It is almost an article of faith that managers have a preference for smooth dividends. Yet, it is not clear if this reflects investors' preferences. In this paper, we study whether investors indeed value dividend smoothing stocks differently by exploring the implications of dividend smoothing for firms' stock prices and cost of capital. Using over 80 years of data, we find no robust relationship between the smoothness of a firm's dividends and the expected return or market value of its stock. Similarly, we find no association between the path of dividend changes and firms' value. The asymmetric reaction to dividend increases and decreases is largely attributable to the first time the firm cuts its dividend. Finally, we find that retail investors are less likely to hold dividend smoothing stocks, while institutional investors, and especially mutual funds, are more likely. This evidence for a smoothing clientele offers a potential reconciliation of our findings with the prevalent use of dividend smoothing.


Robert Novy-Marx, Simon Business School, University of Rochester



Neng Wang, Columbia Business School

"Investment, Liquidity, and Financing under Uncertainty" (760.13 KB)

Co-authored with Patrick Bolton (Columbia) and Jinqiang Yang (Shanghai University of Finance and Economics)


Igor Makarov, London Business School

"Arbitrage Trading with Marking-to-market and Price Impact"

The paper studies trading decisions of money managers whose profit is marked- to-market and who trade in markets with price impact. I show that in their chase after good performance record managers may accumulate excessively large arbitrage positions and therefore, push prices above their fundamental levels. This may result in very large losses for investors.


Harrison Hong, Princeton

"Count Models of Social Networks in Finance" (1.33 MB)

Co-authored with Jiangmin Xu (Princeton)


Fall 2013 Seminar Schedule

Yuri Tserlukevich, Arizona State University

"Idiosyncratic Cash Flows and Systematic Risk" (534.7 KB)


Utpal Bhattacharya, Kelley School of Business, Indiana University

"The Dark Side of ETFs and Index Funds" (325.4 KB)


Dean Corbae, Wisconsin School of Business, University of Wisconsin

"Capital Requirements in a Quantitative Model of Banking Industry Dynamics" (496.56 KB)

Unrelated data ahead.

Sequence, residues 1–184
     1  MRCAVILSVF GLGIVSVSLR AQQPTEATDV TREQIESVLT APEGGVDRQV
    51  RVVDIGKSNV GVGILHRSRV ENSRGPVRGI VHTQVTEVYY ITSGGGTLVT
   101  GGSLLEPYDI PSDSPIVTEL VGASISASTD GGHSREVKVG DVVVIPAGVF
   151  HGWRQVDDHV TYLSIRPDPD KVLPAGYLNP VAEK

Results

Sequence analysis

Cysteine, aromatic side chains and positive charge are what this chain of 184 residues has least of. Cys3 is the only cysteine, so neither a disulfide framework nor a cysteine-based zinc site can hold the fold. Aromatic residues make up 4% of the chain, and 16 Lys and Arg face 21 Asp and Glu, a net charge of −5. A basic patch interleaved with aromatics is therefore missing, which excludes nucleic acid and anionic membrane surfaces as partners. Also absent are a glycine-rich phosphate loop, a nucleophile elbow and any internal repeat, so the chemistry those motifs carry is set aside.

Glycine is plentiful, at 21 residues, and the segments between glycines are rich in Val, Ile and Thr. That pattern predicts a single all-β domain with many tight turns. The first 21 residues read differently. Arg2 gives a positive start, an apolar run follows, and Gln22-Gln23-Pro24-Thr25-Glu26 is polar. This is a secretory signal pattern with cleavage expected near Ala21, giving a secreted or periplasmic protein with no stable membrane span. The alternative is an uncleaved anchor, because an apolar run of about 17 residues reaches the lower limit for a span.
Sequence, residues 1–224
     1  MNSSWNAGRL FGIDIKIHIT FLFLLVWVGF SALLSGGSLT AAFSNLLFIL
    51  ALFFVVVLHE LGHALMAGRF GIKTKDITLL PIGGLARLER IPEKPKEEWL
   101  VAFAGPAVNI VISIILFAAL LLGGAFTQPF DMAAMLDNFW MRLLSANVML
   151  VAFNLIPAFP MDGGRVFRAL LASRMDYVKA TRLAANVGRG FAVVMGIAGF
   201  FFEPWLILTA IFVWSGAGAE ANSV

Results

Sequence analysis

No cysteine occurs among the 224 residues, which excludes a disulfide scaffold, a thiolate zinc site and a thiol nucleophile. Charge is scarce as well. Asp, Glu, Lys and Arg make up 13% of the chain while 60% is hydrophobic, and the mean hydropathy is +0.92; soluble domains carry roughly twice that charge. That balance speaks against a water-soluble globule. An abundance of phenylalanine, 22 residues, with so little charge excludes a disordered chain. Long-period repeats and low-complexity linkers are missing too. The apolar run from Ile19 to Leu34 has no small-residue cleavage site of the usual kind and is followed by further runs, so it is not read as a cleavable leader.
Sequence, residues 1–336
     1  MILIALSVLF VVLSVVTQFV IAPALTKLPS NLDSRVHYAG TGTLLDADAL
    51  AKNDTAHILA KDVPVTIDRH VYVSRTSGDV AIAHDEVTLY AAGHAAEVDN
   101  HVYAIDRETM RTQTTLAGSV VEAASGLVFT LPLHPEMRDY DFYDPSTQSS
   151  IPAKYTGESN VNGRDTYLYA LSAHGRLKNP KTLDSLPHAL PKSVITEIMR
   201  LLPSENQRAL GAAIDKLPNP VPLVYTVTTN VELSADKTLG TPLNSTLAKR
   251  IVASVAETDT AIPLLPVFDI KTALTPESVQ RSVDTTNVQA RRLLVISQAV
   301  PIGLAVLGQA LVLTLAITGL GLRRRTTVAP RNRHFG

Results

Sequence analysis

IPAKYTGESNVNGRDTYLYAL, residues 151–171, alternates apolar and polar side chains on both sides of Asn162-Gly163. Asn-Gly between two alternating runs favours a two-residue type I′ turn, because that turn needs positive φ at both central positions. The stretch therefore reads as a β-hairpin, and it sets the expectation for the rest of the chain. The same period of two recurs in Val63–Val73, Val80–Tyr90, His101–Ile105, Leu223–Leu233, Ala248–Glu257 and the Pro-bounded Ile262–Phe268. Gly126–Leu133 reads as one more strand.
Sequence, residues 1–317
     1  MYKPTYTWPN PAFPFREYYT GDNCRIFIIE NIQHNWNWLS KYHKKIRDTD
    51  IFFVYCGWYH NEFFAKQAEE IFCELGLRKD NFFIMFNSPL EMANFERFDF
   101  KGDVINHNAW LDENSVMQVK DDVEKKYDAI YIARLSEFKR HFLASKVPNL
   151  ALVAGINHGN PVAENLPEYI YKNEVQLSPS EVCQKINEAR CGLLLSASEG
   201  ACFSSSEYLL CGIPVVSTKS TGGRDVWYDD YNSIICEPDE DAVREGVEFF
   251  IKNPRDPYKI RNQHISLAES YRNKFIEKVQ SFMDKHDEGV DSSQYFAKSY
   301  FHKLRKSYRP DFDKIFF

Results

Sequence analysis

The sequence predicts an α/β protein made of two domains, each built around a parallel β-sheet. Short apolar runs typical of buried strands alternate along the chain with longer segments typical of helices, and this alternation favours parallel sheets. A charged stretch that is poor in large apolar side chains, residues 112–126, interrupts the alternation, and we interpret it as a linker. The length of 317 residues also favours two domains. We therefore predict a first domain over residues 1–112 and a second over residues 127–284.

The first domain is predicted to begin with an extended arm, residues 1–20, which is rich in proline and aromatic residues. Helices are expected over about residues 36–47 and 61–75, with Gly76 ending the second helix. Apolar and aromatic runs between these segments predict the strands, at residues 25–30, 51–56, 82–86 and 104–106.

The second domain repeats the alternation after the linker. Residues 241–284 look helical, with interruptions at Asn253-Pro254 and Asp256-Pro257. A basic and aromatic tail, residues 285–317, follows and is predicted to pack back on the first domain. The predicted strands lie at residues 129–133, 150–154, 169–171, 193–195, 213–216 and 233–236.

Bryan Kelly, Booth School of Business, University of Chicago

"Firm Volatility in Granular Networks" (503.59 KB)

10/10/13 (Thu)Matteo Maggiori, Stern School of Business, NYU

Vito Gala, London School of Business

"Measuring Marginal q"


Alexander Gorbenko, London School of Business

"Means of Payment and Timing of Mergers and Acquisitions in a Dynamic Economy" (445.33 KB)

12/4/13 (Wed)

RM L-114

Peter DeMarzo, Stanford Business School

"Risking Other People's Money: Gambling, Limited Liability, and Optimal Incentives"


Adair Morse, Booth School of Business, University of Chicago

"Lawyers in the Executive Suite: The Value of Gatekeepers as Internal Governance"


Spring 2013 Guest Seminars
1/11/13Michael Gofman, University of Wisconsin-Madison
"Efficiency and Stability of a Financial Architecture with Too Interconnected To Fail Institutions" (951.65 KB)
3/08/13Konstantin Milbradt, Massachusetts Institute of Technology
3/29/13Vincenzo Quadrini, University of Southern California
4/10/13Kai Li, University of British Columbia
4/12/13Ian Martin, Stanford
4/19/13Charlie Hadlock, Michigan State
4/26/13Kent Daniel, Columbia University
5/3/13Jeff Brown, University of Illinois


Fall 2012 Guest Seminars
9/14/12Avri Ravid, Yeshiva University
"Intellectual Property Contracts: Theory and Evidence from Screenplay Sales" (469.94 KB)
9/21/12Mike Weisbach, Ohio State
"Financing-Motivated Acquisitions" (576.32 KB)
10/05/12Hamid Mohtadi, University of Wisconsin
10/12/12Rui Albuquerque, Boston University
"Understanding the Equity-premium and Correlation Puzzles"
10/19/12David Frankel, Iowa State
"Securitization and Banking Competition" (987.22 KB)
11/16/12Paolo Pasquariello, University of Michigan 
"Financial Market Dislocations" (464.87 KB)
11/30/12Carola Frydman, Boston University 
"Economic Effects of Runs on Early 'Shadow Banks': Trust Companies and the Impact of the Panic of 1907" (463.2 KB)


Spring 2012 Guest Seminars

Andrey Malenko, MIT

"Optimal Design of Internal Capital Markets" (423.79 KB)


Lars Lochstoer, Columbia

"Parameter Learning in General Equilibrium: The Asset Pricing Implications" (403.26 KB)


Simon Gervais, Duke University

"The Industrial Organization of Money Management" (194.53 KB)


Annamaria Lusardi, Dartmouth University

"Financial Literacy Around the World" (56.96 KB)


Radha Gopalan, Washington University

"The Optimal Duration of Executive Compensation: Theory and Evidence" (553.84 KB)


Stefan Nagel, Stanford University

"Sizing Up Repo" (584.34 KB)


Ross Levine, Brown University

"Does Entrepreneurship Pay?"


Fall 2011 Guest Seminars
9/9/11Paola Sapienza, Northwestern University
"Time Varying Risk Aversion" (417.42 KB)

Andrew Hertzberg, Columbia University

"Exponentia Individuals, Hyperbolic Households" (484.86 KB)


David Backus, NYU

"Sources of Entropy in Representative Agent Models" (285.93 KB)


Raman Uppal, London Business School

"Asset Prices in General Equilibrium with Transactions Costs and Recursive Utility" (392.52 KB)


Arthur Korteweg, Stanford University

"Structural Models of Capital Structure: A Framework for Model Evaluation and Testing"


Sergei Davidenko, Rotman

"A Market-Based Study of the Cost of Default" (463.41 KB)


Spring 2011 Guest Seminars
Fall 2010 Guest Seminars

Ivo Welch

"Why I do not Understand Capital Structure Research"


Jeffrey Wurgler

"The Effect of Reference Point Prices on Mergers and Acquisitions" (646.7 KB)


Richmond Mathews

"Doing Battle with Short Sellers: The Role of Blockholders in Bear Raids" (648.21 KB)


Scott Joslin

"Rare Disasters and Risk Sharing with Heterogeneous Beliefs" (566.04 KB)


Daniel Paravisini

"Dissecting the Eect of Credit Supply on Trade: Evidence from Matched Credit-Export Data" (400.12 KB)


Viral Acharya, NYU

"A Pyrrhic Victory? Bank Bailouts and Sovereign Credit Risk" (451.79 KB)